Have you ever done a long-distance job search? What worked for you or didn’t work? Share your tips below.

Michael V. Paul recently relocated to the Portland, OR area and is the Annual Campaign & Grants Manager at Columbia Land Trust. He is an appreciator and practitioner of efficient operation, strategic thinking and hard work, and an avid reader and soccer enthusiast. You can follow Michael on Twitter here: @Michael_V_Paul

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Comments

    • Steve
    • June 2, 2014

    Great idea with the relocation bit to go under your current address, I am including that in all my applications from now on!

    • Catherine
    • June 2, 2014

    I am currently trying to relocate from St. Louis to Tampa. One thing that has helped is that I am using a friend’s Florida address on my resume and applications. I am honest about this with potential employers when they ask, and I tell them that this is where I might live while I look for my own apartment there.

    One thing that has been a huge challenge is the interview process. I am not happy that I paid hundreds of dollars, while unemployed, to fly down for an interview that did not turn into a job. I can’t keep doing that.

      • Chantal
      • June 3, 2014

      I can relate to your last paragraph in a worse way. My money is so tight I’d have to relocate before interviewing. Traveling just for an interview really sounds like a luxury.

    • Kristine
    • June 3, 2014

    I’m currently looking for a job in Austin, and have been using many of these tips. I’m still finding it hard to get a foot in the door, though, with an out-of-state address.

    • Karen
    • June 3, 2014

    I live in Arizona and was recently had a phone interview for a position in Colorado. A week after I submitted my resume, I called the HR representative and said I was following up to learn where they were in the hiring process and would be happy to travel to Colorado for an interview. My call may have gotten them to at least look at my resume, because they called to schedule the phone interview soon after.

    • Beau
    • June 3, 2014

    I’m relocating from SF to Denver this summer (my partner’s company is moving his job there). So far I’ve had 7-8 phone interviews and flown out for three meetings with Denver nonprofits. I clarified I was a finalist for each job before I paid my way to Colorado, but when I got there, every group said they had several candidates competing for the job and just wanted to meet me in person. They asked for samples of my work or for me to do a “project outline” so they could judge my skills. At this point, I don’t have any offers but three Denver nonprofits have scammed me for about $10,000 worth of free consulting. Kudos to these reps of Denver’s nonprofit sector for giving me a taste of local ethics!

    • DJ
    • June 3, 2014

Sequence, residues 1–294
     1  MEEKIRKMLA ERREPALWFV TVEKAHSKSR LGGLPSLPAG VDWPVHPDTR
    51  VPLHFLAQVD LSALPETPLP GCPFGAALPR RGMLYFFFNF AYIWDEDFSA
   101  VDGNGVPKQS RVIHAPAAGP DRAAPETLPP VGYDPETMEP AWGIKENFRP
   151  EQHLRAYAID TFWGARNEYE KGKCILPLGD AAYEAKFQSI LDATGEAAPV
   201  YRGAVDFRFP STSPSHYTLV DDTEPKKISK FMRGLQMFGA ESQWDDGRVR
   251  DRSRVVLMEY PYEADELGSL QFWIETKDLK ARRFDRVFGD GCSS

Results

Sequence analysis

I would have hoped that an article like (on idealist specifically) this could/would speak on the privilege that might be held, and the ease in acclimating in a city such as Portland OR IS certainly based on skin color. Been here for 2 years, super talented creative, but have only been able to get a call back (for stocking fruits and veggies)

    Your article could be more enticing or fruitful if you’d researched into or had written about, exclusion that is painstakingly present (for decades, ask Black locals who have been here for years). Don’t worry there’s still time for you to do your own research and publish another article that can open people’s eyes on the issue of exclusion in Oregon for certain residents; it’s not Oregon alone.

    1. I see that no one replied to you. I agree with you. I’m a black mom who is in a long term relationship and we have a toddler. Both of us are students about to graduate. We are planning to relocate to LA because we think there would be more opportunities. I’m an animation and digital art BA and he’s getting an associate in programming.

      We know that being black we’ve a barrier in front of us. We’re also poor, and cannot afford to fly out for interviews. The common advice us not to take a job below your station but… things are not so simple. There are no jobs for us here though so we have to decide if we should just move there cold or wait till we find something secure.

  1. Pingback: How to build a network in a new city before you move | Idealist Careers

    • Sheliese Smith
    • October 23, 2014

    I am a recent grad looking to relocate from Atlanta to NYC, I have my dad’s NJ address on my resume but I think since this will my first full time job and I just graduated its even harder and employers may see me as a risk.. I’m stuck with the question is it better to search for a job in another state while having a job (currently doing) or relocate, be jobless and search locally? I have decided to take a leap of faith and go up for a week of networking with local professional in nonprofit. Hopefully it helps.. Any advice would be greatly appreciated!! 🙂

      • :aVonda Clay
      • February 9, 2015

      Wow! I am currently in the exact situation. The only difference is that I am in Mississippi!!

    • Jenn
    • January 3, 2015

    Thank you for this article. I am looking to make a move from the West Coast and this has really helped me. It is awesome to see it can happen and will happen. I am lucky that I am returning to my “hometown” and went to school here and have family and friends. This makes me not quite, but almost as compelling as a local candidate. Time to get my networking on!